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Naya is a simple language constructed from what was originally a basic substitution cipher of Kendane͡ivash.

A Brief History of Naya

350 EYBT

The substitution cipher was used back when the tensions between the Nayabaru and kavkema were better described as an actual war. A cluster of kavkema suffering social and military isolation from the 'main forces' tried to exchange tactical information. They chose a basic substitution ciphertext that preserved the ability to pronounce the resulting words and phrases, following the (initially correct) assumption was that the Nayabaru would not be able to determine the meaning of the messages, but the kavkema would recognise and be able to reverse the basic pattern.


The substitution cipher did not see much kavkem use, overall, but when Terenyira entered the picture (and Ysikary as a Kendane͡ivash influence necessarily disappeared), she felt it right to educate the Nayabaru about the cipher to eradicate the last vestiges of its usefulness, resulting in the Nayabaru typically fluent in both Kendane͡ivash and the cipher language about five thousand years into her existence.

7 000 EYAT

The conflict was essentially resolved at this point and a situation along the lines of the current status quo began to settle on Nekenalos. Culturally, the Nayabaru lay claim to the cipher amongst a search for a new cultural identity, emotionally considering it distinct from Kendane͡ivash, which had politically come to signify the kavkema, and it began to evolve as its own language: Naya.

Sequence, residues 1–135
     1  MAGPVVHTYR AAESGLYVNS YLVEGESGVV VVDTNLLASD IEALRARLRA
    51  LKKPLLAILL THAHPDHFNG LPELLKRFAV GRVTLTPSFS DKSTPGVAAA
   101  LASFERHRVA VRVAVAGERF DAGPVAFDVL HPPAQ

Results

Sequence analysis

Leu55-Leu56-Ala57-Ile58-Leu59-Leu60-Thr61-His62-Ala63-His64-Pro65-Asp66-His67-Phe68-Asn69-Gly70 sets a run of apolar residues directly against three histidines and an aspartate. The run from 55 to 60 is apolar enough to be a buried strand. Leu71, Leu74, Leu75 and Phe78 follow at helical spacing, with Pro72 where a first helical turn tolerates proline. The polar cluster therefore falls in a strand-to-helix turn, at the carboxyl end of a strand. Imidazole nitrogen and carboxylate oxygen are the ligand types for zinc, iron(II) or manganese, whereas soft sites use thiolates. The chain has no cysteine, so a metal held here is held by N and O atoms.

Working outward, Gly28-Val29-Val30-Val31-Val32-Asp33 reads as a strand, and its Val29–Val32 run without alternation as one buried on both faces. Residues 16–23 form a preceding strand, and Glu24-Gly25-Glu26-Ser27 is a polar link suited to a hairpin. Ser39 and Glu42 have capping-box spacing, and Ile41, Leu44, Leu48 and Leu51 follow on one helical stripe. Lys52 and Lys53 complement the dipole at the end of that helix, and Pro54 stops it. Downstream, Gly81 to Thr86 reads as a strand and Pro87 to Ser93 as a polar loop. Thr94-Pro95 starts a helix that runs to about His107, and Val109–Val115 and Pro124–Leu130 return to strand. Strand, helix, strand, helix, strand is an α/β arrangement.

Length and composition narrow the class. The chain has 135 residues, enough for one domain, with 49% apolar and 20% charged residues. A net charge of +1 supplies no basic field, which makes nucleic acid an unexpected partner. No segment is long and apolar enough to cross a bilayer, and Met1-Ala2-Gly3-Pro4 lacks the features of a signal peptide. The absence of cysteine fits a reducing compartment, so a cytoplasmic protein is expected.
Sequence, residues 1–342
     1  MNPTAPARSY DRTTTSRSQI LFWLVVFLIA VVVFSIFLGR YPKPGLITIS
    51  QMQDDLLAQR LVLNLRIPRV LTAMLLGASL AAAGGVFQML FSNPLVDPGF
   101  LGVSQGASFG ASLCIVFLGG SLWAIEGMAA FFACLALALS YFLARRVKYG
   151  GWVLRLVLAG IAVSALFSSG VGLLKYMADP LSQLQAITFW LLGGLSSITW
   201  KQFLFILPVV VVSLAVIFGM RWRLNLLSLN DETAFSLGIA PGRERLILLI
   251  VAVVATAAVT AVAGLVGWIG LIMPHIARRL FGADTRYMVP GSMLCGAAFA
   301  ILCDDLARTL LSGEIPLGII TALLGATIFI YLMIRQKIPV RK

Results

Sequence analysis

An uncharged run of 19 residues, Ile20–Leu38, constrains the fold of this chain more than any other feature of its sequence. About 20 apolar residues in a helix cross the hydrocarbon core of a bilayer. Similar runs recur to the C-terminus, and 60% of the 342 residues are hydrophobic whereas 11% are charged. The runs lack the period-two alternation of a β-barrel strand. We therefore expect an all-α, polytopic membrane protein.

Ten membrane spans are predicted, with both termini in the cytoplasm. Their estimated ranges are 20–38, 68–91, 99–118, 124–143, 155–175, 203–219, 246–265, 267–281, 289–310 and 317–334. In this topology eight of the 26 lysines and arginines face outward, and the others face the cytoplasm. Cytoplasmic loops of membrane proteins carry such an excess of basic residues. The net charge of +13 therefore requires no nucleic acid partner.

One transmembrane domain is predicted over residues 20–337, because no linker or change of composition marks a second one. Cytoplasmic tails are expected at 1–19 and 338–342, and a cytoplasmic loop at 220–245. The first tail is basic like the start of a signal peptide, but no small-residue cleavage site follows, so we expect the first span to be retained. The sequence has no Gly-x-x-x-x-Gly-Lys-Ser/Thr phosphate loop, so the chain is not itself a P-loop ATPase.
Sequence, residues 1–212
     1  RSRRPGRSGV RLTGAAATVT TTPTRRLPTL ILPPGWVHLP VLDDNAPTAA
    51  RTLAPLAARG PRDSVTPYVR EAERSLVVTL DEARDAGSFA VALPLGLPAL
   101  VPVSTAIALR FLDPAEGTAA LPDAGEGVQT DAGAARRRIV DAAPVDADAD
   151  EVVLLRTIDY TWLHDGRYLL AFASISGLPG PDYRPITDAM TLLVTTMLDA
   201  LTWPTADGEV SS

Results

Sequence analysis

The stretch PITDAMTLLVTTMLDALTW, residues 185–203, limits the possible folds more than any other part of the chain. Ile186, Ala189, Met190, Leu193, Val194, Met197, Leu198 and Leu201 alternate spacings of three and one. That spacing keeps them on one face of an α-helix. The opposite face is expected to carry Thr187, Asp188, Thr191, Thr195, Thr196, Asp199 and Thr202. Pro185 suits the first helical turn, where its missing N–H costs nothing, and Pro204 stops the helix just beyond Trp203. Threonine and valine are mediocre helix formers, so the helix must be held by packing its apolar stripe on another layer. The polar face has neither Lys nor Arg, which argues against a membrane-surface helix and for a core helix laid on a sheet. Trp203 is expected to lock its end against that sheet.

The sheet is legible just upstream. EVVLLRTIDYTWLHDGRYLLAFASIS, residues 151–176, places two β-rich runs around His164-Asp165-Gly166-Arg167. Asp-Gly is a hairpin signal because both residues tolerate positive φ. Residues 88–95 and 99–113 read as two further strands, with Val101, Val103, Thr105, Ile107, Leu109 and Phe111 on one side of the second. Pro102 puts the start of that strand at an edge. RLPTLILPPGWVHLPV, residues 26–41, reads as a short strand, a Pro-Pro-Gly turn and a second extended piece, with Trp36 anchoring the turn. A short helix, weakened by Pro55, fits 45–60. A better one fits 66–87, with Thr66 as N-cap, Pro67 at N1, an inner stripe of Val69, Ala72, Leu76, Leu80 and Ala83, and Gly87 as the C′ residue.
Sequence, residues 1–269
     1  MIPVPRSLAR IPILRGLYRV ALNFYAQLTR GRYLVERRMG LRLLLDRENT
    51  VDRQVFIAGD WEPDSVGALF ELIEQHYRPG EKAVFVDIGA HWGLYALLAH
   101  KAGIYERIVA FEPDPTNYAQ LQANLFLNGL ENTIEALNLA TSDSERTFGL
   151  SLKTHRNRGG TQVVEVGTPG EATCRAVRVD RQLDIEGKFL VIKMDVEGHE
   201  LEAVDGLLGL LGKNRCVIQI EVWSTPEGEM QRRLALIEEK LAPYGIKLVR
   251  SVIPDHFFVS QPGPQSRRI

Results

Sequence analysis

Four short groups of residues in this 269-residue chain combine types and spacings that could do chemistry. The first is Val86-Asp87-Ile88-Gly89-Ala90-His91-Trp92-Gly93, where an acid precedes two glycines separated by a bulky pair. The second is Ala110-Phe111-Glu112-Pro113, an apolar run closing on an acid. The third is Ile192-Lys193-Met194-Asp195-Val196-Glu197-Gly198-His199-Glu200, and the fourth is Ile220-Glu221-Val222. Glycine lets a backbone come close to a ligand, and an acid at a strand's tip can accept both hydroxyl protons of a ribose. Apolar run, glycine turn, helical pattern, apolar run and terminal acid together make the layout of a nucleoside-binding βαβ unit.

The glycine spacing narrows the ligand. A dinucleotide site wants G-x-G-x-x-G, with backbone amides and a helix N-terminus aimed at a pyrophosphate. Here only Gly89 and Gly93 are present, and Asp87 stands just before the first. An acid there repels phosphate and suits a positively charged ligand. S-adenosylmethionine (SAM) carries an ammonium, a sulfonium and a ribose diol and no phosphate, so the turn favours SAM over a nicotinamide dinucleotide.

18 000 EYAT

Naya grammar had evolved to present form, pruning from the original template language various constructs unnecessary for Nayabaru culture (such as a simple grammatical 'I' rather than its use as a degenerate 'we'). Naya words can no longer be easily mapped to Kendane͡ivash, having condensed syllables by packing consonants together in a way better suited for Nayabaru vocalisations than to those of the kavkema.

The global nature of Naya is maintained by the Karesejat, although regional dialects have taken hold regardless - the Karesejat's sole concern is in ensuring that the dialects do not hamper communication between groups of Nayabaru, she is not a purist about the details as for example the kavkema are with Kendane͡ivash.